Time: 2:37 AM
Despite the international community efforts to
counter the so-called Islamic State (IS) group, the global coalition success
in significantly degrading it, the terrorist organization still poses a real
threat to international peace and security, affirmed Monday Kuwait's
Representative to the United Nations Mansour A. Al-Otaibi.
Though the number and scale of terrorist attacks carried out by IS has
recently declined due to many factors including the efforts of the
international community, especially the Global Coalition to Defeat IS/Daesh,
the group continues to pose a real and direct threat, Ambassador Al-Otaibi
said at a special UN Security Council session on the terror threats to the
international peace and security.
He noted that the global coalition's efforts had resulted in a remarkable
decrease in the group members in Iraq and Syria to 14,000-18,000, according to
The group, however, had shown keenness to quickly adapt and transform to
use available resources and cooperate with other terrorist groups to execute
its plots whenever an opportunity arises, he warned.
He stressed that the international community had to take into account that a
great IS members were foreign fighters who were returning, relocating or
"Without unifying the international community efforts to target its
financial, logistical, military, intelligence, security and media networks,
the group will re-emerge in hotspots and conflict zones causing the
international community to incur heavy losses," Al-Otaibi cautioned.
He reiterated Kuwait's commitment to the global Coalition's Guiding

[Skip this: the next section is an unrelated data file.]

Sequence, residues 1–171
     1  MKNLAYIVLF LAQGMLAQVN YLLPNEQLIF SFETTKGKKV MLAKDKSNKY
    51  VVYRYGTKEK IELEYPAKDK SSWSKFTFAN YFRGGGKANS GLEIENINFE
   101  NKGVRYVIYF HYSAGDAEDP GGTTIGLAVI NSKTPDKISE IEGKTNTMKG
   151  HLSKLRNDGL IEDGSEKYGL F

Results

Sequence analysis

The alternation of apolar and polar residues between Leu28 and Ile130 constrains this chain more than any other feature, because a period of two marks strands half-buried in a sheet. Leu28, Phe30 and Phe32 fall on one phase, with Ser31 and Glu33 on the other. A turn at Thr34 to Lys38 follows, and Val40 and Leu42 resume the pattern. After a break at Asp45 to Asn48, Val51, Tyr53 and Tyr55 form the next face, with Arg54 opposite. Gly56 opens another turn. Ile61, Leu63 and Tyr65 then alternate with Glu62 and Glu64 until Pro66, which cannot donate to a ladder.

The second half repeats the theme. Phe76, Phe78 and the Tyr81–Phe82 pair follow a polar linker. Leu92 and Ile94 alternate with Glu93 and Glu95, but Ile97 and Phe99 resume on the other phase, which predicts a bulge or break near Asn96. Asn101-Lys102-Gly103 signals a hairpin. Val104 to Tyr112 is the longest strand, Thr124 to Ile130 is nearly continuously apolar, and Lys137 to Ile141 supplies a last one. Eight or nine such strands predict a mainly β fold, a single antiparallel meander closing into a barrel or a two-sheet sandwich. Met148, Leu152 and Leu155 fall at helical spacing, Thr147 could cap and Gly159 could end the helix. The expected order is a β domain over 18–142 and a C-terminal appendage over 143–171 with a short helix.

Principles adopted in Kuwait in 2018, which were renewed by the Ministers of
the Global Coalition to Defeat ISIS/DAESH in their meeting in Washington on
February 6, 2019.
Al-Otaibi clarified that the most prominent threat is IS's ability to
organize and finance its terrorist activities through financial assets ranging
between USD 50 million and USD 300 million.
This requires international and national preventive measures such as
comprehensive strategies to fight the financing of terrorism and terrorist
narratives, he asserted.
He went on to stress the need to reassess the situation of relocating
fighters, reaffirming the need to hold perpetrators accountable, including
those who have committed war crimes and crimes against humanity.
At the international level, he continued, exchanging information,
addressing the root causes of terrorism, preventing terrorism incitement,
training law enforcement officers, taking care of young people and signing
bilateral agreements are vital.
Al-Otaibi renewed Kuwait's firm stance condemning terrorism in all its
forms and manifestations and regardless of its motives and describing it as
unjustifiable criminal acts, that should not be linked to any religion,
nationality, civilization or ethnic group.
He underlined the need to mobilize international efforts to counter this
scourge by taking necessary measures to ensure respect for human rights, the
rule of law and good governance.